Audur Capital

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Audur Capital (Auður Capital) was a financial service company, founded in 2007 by two Icelandic business women, with the aim of incorporating feminine values into finance. Halla Tomasdottir was Audur’s executive chairman and Kristin Petursdottir was the company CEO.

The company offered wealth management, private equity advice and corporate advice. It attempted to correct what it perceived as a historic lack of balance and diversity in the financial sector. The founders blamed the 2007 financial downturn on high risk behavior, short term orientation and a narrow definition of results which had driven the financial sector for the past years.

Audur managed to preserve the funds of its clients when the Icelandic banks collapsed in October 2008 and was the only Icelandic company that remained financially healthy after that collapse.[citation needed]

In December 2008 Audur announced the launching of BJÖRK, a private equity fund, established by Audur Capital and the renowned musician Björk Guðmundsdóttir, who is an active supporter of entrepreneurship, creative thinking and increased diversity in the Icelandic economy. The aim of the BJÖRK venture fund was to invest in early stage corporations, with high growth potential capitalizing on Iceland's human and/or natural resources, as well as emphasizing sustainability and a triple bottom line.

Audur received significant international attention. The Audur story has been featured by the BBC,[1] New York Magazine,[2] The Guardian,[3] and The Financial Times,[4] among others. Halla Tomasdottir spoke at the 2010 TED Women's conference on her financial philosophy.

Financing with Feminine Values[edit]

According to Halla Tomasdottir, Audur Capital’s former Executive Chairperson, the company’s primary goal was to inject feminine values into Iceland’s financial sector.[5] According to Tomasdottir in her TED Talk in 2010, she and CEO Kristin Petursdottir sought to accomplish this by adhering to four principles: risk awareness, straight talk, emotional capital, and profit with principles. Tomasdottir believes that investors and clients should be fully informed of the risks involved in investments before engaging in them. Audur Capital adhered to a principle of straight talk; clients should have access to both positive and negative aspects and developments in their investments and these should be presented in a way that directly reflects this. Tomasdottir and Petursdottir also believe in emotional capital, asserting that “emotional due diligence is just as valuable as financial due diligence”.[6] Lastly, Audur Capital believed in profits with principles. They called for an expansion of the definition of profit, asserting that financial gain is not the only type of profit to be had.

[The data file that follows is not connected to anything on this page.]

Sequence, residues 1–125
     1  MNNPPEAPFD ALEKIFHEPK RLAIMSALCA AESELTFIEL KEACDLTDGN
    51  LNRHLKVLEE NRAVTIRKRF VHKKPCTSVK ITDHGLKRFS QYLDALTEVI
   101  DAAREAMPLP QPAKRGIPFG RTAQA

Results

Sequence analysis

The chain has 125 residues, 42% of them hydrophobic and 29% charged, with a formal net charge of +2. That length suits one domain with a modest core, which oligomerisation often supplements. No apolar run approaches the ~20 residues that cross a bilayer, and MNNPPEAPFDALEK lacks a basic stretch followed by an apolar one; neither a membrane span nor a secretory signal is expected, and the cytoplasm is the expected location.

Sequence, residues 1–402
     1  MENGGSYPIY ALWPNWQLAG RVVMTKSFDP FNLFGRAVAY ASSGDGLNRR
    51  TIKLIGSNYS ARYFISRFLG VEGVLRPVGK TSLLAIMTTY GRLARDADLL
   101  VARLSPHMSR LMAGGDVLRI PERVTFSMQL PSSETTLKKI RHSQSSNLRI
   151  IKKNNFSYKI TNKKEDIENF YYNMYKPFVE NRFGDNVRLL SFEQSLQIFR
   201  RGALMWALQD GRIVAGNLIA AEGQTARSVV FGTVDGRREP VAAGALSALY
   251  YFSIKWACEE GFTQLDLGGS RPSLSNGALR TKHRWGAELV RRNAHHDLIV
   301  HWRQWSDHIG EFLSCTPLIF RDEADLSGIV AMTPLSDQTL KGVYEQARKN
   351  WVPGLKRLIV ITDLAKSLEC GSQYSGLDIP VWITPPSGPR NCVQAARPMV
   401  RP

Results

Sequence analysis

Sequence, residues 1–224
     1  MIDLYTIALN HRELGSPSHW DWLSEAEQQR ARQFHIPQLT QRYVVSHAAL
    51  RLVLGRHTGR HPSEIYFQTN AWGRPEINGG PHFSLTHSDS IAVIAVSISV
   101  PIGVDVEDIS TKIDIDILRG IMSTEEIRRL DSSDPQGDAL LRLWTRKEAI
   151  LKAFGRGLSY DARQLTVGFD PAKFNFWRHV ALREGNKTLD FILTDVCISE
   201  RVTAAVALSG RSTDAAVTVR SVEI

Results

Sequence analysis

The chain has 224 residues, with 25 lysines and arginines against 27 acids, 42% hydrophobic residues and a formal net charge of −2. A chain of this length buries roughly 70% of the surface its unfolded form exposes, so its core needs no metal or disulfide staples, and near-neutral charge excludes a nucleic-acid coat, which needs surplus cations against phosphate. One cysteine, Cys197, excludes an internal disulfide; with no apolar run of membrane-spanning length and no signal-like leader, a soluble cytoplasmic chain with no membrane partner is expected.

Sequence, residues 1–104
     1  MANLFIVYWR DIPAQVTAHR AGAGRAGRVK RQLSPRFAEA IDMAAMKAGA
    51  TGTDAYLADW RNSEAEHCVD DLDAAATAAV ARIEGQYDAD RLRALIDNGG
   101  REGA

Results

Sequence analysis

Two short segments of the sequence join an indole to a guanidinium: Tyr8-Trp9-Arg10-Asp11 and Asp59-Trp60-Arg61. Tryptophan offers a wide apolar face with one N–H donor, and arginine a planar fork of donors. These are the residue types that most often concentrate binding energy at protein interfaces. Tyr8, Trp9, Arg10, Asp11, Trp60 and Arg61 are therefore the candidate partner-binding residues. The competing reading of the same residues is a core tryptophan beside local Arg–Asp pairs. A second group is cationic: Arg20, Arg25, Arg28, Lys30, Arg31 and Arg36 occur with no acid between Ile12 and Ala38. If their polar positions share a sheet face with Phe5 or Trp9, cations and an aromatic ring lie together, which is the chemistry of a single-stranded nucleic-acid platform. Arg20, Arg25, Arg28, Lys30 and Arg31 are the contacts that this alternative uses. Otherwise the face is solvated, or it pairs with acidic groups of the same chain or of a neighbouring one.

Tomasdottir asserted that the 2007 financial crisis in Europe and the United States could at least partially be attributed to the fact that these principles were largely ignored within major financial firms; clients were not fully informed of investment risks, negative developments were not presented to clients in a transparent and accurate way, and emotional capital and ethical principles were devalued in the financial sector. Tomasdottir contended that financial sectors globally must have a greater diversity in those that make decisions; for Audur Capital, this meant having more women take part in decision making processes in the financial sector. Halla Tomasdottir argued that including more women in the financial sector and in decision making processes will lead to better decisions, which will help deter other potential financial crises. She stated this is not because women are better than men, but that they are different, and can lend a different perspective, thus leading to better informed responses and solutions.

Merger in 2014[edit]

Audur Capital started its operations in 2007 and merged with the financial services firm Virding in January 2014. The merged company operates under the name Virding.

The Icelandic Competition Authority authorized the merger at the end of 2013[7] as well as the Icelandic Financial Supervisory Authority in January of 2014.[8]

Virding owns the Audur Capital brand and operates several private equity funds using the "Audur" name.


  1. ^ "BBC News - The women who want to save banking". Retrieved 4 February 2015. 
  2. ^ "What If Women Ran Wall Street?". Retrieved 4 February 2015. 
  3. ^ Ruth Sunderland. "After the crash, Iceland's women lead the rescue". the Guardian. Retrieved 4 February 2015. 
  4. ^ Financial Times, May 27, 2009
  5. ^ TED, November 18, 2013
  6. ^ TED, November 18, 2013
  7. ^ ICA, December 20, 2013
  8. ^ < FSA, January 22, 2014.

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